13. This sincerity is termed by the Apostle, godly sincerity, or the sincerity of God; EiAixpivelgev; to prevent our inistaking or confounding it with the sincerity of the heathens ; (for they had also a kind of sincerity among them, for which they professed no small veneration ;) likewise to denote the object and end of this, as of every Christian virtue, seeing whatever does not ultimately tend to God, sinks among “ the beggarly elements of the world." By styling it the sincerity of God, he also points out the Author of it, the “Father of Lights, from whom every good and perfect gift descendeth ;” which is still more clearly declared in the following words, “Not with fleshly wisdom, but by the grace of God.”

14. “ Not with fleshly wisdom :" As if he had said, “We cannot thus converse in the world, by any natural strength of understanding, neither by any naturally acquired knowledge or wisdom. We cannot gain this simplicity, or practise this sincerity, by the force either of good sense, good nature, or good breeding. It overshoots all our native courage and resolution, as well as all our precepts of philosophy. The power of custom is not able to train us up to this, por the most exquisite rules of human education. Neither could I Paul ever attain hereto, notwithstanding all the advantages I enjoyed, so long as I was in the flesh, in my natural state, and pursued it only by fleshly, natural wisdom.'

And yet surely, if any man could, Paul himself might have attained thereto by that wisdom ; for we can hardly conceive any, who was more highly favoured with all the gifts both of

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nature and education. Besides his natural abilities, probably not inferior to those of any person then upon the earth, he had all the benefits of Icarning, studying at the L'niversity of Tarsus, afterwards brought up at the feet of Gamaliel, a person of the greatest account both for knowledge and integrity, that was then in the whole Jewish nation. And he had all the possible advantages of religious cducation, being a Pharisee, the son of a Pharisee, trained up in the very straitest sect or profession, distinguished from all others by a more eminent strictness. And herein he had “profited above many” others, “ who were bis equals” in years, “ being more abundantly zealous" of whatever he thought would please God, and “as touching the right cousness of the law blameless." But it could not be, that he should hereby attain this simplicity and godly sincerity. It was all but lost labour; in a deep, piercing sense of which he was at length constrained to cry out, “ The things which were gain to me, those I counted loss for Christ : Yca, doubtless, and I count all things but loss, for the excellency of the knowledge of Christ Jesus my Lord." (Phil, iii. 7,8.)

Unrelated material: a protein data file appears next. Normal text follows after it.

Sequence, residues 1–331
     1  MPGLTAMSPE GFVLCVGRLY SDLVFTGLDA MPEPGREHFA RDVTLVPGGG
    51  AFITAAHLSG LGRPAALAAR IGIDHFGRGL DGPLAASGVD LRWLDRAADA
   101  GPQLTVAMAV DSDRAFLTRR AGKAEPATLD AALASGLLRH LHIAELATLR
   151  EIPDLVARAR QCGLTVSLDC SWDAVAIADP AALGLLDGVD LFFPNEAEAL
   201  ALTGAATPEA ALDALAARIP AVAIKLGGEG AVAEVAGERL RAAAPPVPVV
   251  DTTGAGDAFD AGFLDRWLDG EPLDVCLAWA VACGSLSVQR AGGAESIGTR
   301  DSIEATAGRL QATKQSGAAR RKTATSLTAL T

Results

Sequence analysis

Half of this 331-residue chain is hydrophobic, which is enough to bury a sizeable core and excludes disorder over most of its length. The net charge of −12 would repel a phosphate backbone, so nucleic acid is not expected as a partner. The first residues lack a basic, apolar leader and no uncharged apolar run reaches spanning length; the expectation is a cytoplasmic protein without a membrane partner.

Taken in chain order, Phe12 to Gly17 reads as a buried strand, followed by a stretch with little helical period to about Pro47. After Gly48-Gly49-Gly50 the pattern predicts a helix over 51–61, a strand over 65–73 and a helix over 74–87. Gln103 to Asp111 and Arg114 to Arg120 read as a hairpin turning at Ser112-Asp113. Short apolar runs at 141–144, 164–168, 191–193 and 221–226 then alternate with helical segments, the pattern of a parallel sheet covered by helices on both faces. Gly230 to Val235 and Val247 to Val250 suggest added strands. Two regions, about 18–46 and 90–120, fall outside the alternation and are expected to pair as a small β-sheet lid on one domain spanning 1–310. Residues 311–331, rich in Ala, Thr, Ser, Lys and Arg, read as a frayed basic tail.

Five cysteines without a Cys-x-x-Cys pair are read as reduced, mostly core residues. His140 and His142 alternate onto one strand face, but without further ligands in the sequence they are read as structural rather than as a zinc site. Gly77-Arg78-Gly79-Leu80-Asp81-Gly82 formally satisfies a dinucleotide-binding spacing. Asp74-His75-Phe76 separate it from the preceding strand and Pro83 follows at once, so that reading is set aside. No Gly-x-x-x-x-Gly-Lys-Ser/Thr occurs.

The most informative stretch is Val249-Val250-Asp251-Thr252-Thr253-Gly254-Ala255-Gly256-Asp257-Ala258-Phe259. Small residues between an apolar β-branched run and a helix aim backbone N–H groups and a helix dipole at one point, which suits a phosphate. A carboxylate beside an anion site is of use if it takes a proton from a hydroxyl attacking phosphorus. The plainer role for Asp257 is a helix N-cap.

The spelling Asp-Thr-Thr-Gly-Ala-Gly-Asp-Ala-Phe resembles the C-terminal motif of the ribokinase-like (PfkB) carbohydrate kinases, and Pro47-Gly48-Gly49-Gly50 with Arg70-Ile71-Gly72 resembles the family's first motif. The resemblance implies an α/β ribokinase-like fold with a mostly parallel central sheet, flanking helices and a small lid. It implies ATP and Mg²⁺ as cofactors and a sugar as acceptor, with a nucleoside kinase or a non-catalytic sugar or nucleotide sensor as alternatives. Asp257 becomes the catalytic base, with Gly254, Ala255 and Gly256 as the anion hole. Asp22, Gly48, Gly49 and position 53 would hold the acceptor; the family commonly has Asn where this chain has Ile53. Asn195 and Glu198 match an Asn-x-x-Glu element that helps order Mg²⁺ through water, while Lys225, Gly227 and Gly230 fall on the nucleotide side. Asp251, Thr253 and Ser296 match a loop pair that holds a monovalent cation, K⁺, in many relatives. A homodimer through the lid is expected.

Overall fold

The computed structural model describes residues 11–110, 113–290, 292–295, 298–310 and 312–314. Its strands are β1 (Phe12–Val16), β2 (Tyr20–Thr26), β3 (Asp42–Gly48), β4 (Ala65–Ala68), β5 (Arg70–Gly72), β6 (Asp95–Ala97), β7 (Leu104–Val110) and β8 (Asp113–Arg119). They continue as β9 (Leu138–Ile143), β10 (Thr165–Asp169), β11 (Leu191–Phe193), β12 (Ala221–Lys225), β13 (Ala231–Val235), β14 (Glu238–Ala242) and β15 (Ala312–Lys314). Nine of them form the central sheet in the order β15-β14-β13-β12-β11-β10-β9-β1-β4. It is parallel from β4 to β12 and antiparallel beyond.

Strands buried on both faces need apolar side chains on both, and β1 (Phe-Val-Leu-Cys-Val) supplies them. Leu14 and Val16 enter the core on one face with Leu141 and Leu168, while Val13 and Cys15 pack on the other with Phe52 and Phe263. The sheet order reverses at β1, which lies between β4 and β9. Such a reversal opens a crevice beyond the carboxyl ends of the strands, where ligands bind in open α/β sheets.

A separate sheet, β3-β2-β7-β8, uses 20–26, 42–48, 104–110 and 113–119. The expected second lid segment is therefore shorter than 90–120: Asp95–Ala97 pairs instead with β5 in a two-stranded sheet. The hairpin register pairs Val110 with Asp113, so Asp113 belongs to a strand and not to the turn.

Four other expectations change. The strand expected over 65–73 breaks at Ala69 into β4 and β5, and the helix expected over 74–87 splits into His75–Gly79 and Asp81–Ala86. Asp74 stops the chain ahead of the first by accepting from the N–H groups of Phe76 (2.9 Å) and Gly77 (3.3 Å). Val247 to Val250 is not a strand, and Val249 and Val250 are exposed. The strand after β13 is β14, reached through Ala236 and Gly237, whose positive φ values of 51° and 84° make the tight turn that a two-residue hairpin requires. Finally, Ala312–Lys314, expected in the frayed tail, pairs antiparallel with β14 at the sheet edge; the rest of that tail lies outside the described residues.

15. It could not be that ever he should attain to this, but by the “excellent knowledge of Jesus Christ” our Lord; or, “ by the grace of God,”-another expression of nearly the same import. By “the grace of God” is sometimes to be understood that free love, that unmerited mercy, by which I a sinner, through the merits of Christ, am now reconciled to God. But in this place it rather means, that power of God the Holy Ghost, which “worketh in us both to will and to do of his good pleasure." As soon as ever the grace of God in the former sense, his pardoning love, is manifested to our souls, the grace of God in the latter sense, the power of his Spirit, takes place therein. And now we can perform, through God, what to man was impossible. Now we can order our conversation aright. We can do all things in the light and power of that love, through Christ which strengtheneth 15. We now have “the testimony of our conscience,” which we could never have by Neshly wisdom, “ that in simplicity and godly sincerity, we have our conversation in the world.”

16. This is properly the ground of a Christian's Joy. We may now therefore readily conceive, how be that hath this testimony in himself rejoiceth evermore. “Aly soul," may he say, “ Jothi magnify the Lord, and my spirit rejoiceth in God my Saviour." I rejoice in hini, who, of his own unmerited love,